Listing photos courtesy of Brown Harris Stevens
The Bronx‘s Concourse Towers were built in 1963, at the height of the Mid-Century Modern movement. And time seems to have stood still at this two-bedroom apartment on the market for $449,500. The sellers are a prominent architectural historian and a property director, so it’s no wonder they’ve decided to outfit the home with authentic decor like cork flooring, a wood ceiling, and retro furniture everywhere you look.
All photos courtesy of Houlihan Lawrence
With its vaulted ceilings, wood paneling, pink details, and retro rec room, this 1960-built home in Greenwich, Connecticut is the textbook definition of mid-century modern design. In addition to the attractive interiors, the home features a patio and is also set back from the road, which provides privacy and additional outdoor space. Located at 261 Cognewaugh Road in Cos Cob, the three-bedroom, two-bath home is now on the market for $1.125 million.
See more here
Photo credit: Modern Angles
At first glance, the backyard of this house looks like an island resort tucked away in the jungle. But it’s actually located just 45 minutes outside NYC in Dobbs Ferry. The mid-century-modern home was built in 1961 by architect Ferdinand Gottlieb (best known for his work on the interior of the original Rizzoli Bookstore on Fifth Avenue) as his personal residence. Now listed for $1,450,000, the four-bedroom home has 12-foot arched glass windows that overlook the Hudson River and the Palisades, as well as a salt-water pool and landscaped patio.
See the whole place here
Listing photos courtesy of Houlihan Lawrence
Architect Roy S. Johnson was a disciple of Frank Lloyd Wright who designed many a mid-century home around the Hudson Valley area. One unique example is this rustic, lake-front home in the Westchester town of Bedford, which is now listed for $875,000. The home is located on “Old Wagon Road,” and though we can’t be certain, it seems as though Johnson may have taken inspiration from this locale, as the shape of the house somewhat resembles a covered wagon.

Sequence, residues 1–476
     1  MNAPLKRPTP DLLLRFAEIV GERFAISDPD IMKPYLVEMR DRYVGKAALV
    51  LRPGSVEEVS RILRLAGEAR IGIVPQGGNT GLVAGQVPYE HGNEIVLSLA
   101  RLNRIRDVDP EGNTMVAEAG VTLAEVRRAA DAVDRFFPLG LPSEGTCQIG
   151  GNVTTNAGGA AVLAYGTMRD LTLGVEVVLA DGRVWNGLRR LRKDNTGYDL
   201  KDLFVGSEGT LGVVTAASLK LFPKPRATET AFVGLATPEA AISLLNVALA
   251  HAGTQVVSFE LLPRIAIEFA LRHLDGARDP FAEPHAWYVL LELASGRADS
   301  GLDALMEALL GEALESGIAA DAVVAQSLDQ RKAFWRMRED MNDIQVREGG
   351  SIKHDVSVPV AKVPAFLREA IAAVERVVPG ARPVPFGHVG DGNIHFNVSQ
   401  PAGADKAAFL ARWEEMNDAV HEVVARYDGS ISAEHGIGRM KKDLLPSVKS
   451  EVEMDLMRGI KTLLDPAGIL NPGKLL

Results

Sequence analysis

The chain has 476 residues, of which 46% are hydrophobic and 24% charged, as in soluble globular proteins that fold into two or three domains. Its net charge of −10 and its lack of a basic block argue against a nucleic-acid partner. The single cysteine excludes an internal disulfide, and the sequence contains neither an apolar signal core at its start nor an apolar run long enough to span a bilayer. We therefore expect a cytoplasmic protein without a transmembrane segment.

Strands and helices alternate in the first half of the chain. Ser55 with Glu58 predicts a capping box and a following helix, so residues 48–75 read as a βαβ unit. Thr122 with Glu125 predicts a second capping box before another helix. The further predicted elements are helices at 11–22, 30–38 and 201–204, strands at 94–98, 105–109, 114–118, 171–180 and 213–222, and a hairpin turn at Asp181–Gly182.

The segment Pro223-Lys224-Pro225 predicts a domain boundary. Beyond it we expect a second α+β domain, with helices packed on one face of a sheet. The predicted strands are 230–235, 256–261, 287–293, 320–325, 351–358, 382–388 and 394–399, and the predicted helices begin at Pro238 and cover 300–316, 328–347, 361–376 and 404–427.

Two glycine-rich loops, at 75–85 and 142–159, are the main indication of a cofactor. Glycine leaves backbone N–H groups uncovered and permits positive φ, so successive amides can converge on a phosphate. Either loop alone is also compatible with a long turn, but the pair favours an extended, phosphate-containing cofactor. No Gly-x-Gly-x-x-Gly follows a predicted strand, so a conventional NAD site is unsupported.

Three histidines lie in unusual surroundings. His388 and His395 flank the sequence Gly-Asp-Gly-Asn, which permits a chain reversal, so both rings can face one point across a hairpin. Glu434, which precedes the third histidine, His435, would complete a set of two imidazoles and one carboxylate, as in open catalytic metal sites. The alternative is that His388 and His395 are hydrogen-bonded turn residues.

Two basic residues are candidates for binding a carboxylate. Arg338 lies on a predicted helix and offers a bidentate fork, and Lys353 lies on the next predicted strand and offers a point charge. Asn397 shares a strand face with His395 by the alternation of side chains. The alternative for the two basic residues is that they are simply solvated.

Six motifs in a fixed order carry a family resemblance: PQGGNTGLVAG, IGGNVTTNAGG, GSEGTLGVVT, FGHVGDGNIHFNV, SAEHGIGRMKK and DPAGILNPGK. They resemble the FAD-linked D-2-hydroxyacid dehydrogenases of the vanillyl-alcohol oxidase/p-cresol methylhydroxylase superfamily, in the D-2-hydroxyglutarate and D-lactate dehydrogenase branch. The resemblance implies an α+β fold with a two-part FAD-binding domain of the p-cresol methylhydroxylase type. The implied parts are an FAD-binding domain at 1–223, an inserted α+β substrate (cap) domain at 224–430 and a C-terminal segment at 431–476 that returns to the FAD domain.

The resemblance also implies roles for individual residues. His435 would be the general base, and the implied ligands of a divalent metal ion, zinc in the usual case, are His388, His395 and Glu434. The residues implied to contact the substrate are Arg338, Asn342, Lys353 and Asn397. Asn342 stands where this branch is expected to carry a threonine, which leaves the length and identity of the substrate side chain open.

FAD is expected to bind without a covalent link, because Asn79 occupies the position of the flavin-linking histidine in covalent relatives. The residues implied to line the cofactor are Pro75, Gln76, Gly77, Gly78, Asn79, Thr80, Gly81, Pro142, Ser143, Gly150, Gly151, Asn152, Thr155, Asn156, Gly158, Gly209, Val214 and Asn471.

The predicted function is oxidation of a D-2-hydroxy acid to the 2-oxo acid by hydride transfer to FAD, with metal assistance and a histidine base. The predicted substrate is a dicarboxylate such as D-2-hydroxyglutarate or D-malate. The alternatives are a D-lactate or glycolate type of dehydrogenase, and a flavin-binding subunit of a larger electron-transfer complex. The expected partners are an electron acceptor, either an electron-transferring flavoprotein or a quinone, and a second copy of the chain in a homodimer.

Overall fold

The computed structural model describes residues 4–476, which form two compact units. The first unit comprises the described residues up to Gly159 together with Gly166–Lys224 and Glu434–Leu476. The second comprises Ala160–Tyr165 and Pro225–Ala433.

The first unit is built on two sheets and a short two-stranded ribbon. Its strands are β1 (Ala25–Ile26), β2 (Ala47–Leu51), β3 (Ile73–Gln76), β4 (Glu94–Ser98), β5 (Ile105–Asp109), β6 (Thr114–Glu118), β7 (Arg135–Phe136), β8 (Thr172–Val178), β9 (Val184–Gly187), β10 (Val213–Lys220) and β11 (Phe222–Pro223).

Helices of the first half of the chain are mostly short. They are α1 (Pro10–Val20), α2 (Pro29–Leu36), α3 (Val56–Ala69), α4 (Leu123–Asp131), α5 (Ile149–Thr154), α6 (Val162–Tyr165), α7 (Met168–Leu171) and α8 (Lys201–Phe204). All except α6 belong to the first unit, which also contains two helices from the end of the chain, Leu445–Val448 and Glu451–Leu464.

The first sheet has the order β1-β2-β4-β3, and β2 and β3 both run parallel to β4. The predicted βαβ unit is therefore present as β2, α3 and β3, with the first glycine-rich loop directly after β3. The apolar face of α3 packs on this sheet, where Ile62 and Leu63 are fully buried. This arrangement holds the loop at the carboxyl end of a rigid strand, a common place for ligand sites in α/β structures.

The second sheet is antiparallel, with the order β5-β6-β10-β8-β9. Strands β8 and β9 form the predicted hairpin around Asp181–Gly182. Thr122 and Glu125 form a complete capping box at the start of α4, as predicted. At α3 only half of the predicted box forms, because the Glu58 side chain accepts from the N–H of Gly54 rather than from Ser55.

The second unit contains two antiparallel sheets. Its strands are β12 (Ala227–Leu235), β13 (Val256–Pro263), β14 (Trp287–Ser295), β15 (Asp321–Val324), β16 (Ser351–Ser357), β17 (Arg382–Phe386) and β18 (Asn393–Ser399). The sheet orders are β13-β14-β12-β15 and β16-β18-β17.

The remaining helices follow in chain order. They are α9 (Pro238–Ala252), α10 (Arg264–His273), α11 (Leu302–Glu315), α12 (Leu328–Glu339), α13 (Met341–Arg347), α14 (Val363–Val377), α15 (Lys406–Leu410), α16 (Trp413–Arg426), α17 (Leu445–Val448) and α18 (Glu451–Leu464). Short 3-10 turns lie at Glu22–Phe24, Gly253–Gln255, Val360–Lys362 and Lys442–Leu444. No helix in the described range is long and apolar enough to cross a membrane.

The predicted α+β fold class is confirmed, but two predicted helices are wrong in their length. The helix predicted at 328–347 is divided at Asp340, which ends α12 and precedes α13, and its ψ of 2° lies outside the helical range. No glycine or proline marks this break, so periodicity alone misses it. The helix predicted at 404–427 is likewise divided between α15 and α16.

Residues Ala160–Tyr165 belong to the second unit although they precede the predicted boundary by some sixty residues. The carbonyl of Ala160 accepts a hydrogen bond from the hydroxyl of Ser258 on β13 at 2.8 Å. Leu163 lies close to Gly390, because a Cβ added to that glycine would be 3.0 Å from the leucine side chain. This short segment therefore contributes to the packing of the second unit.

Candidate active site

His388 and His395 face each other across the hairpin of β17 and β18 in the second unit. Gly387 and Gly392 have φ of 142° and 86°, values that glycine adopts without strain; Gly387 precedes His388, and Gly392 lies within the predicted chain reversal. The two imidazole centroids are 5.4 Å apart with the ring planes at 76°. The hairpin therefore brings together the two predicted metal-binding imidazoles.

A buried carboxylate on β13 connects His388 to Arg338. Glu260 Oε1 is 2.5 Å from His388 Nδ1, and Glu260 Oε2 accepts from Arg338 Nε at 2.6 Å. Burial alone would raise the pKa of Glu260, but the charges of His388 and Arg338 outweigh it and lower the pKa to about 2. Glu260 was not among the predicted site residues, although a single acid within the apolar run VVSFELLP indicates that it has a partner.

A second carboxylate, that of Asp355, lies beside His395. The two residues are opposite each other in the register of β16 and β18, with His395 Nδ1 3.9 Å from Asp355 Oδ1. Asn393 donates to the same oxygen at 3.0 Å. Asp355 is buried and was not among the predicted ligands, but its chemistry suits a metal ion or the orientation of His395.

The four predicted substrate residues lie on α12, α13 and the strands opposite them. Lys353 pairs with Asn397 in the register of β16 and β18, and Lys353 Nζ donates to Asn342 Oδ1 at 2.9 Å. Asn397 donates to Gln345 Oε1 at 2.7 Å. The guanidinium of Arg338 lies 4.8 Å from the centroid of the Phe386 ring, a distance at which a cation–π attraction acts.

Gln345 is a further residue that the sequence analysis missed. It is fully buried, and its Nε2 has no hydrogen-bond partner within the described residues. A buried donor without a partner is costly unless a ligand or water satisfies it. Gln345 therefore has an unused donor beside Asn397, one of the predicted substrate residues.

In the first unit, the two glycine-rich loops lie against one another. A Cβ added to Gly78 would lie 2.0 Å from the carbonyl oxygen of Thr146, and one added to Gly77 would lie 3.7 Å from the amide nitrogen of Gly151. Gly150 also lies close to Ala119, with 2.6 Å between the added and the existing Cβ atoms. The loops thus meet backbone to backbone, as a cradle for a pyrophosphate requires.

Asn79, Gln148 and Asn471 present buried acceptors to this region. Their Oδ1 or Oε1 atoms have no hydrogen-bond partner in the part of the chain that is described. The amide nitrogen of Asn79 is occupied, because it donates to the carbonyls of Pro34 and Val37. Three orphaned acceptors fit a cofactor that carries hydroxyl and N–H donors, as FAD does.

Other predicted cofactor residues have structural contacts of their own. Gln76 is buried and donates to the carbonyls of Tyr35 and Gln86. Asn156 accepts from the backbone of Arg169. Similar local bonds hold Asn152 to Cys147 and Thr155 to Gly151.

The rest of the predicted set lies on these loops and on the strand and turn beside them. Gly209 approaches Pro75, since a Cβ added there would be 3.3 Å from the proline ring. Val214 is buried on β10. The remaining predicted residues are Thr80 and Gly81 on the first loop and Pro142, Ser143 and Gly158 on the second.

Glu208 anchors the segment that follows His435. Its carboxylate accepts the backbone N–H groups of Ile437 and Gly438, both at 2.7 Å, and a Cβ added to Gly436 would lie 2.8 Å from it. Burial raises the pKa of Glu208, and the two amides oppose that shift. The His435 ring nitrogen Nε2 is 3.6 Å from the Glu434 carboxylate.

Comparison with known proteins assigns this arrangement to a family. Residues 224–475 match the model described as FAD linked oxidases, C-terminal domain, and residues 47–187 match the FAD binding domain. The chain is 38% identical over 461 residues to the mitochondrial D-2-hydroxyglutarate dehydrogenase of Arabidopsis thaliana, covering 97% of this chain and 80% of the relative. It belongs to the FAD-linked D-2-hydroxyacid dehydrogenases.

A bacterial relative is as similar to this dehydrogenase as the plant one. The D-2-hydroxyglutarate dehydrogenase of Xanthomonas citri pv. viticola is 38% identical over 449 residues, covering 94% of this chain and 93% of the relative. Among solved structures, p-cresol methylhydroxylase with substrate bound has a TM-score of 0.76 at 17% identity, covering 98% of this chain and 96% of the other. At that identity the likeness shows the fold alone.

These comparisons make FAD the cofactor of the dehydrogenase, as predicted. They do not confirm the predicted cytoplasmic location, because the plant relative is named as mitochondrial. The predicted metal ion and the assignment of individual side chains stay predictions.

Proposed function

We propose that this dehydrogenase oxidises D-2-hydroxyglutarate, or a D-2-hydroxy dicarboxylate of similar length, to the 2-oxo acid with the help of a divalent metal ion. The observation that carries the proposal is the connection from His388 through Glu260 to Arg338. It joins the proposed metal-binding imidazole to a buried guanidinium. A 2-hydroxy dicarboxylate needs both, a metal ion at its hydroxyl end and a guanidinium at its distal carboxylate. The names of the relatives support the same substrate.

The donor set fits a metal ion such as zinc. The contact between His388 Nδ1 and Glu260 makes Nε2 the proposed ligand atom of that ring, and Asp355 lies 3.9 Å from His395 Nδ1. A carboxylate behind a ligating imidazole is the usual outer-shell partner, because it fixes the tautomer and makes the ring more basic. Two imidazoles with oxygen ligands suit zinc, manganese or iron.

See the whole house
Listing photos courtesy of Houlihan Lawrence
Known as the Edersheim Residence, this Westchester home was built in 1958, but in the 1980s, owners Maurits and Claire Edersheim asked famed architect Paul Rudolph (who had renovated their Manhattan apartment in 1970) to completely revamp the residence. Rudolph added a new front facade, a trademark sunken living room, skylights, a guest house, indoor and outdoor pools, a covered porch, and much more. According to Galerie, the most recent owners retained all of Rudolph’s modernist details but worked with the Paul Rudolph Foundation on a modernization that made the home nearly net-zero. They’ve now listed the stunner for $5.6 million.
Take the full tour
All images by Ren Nickson, courtesy of Sothebys International Realty.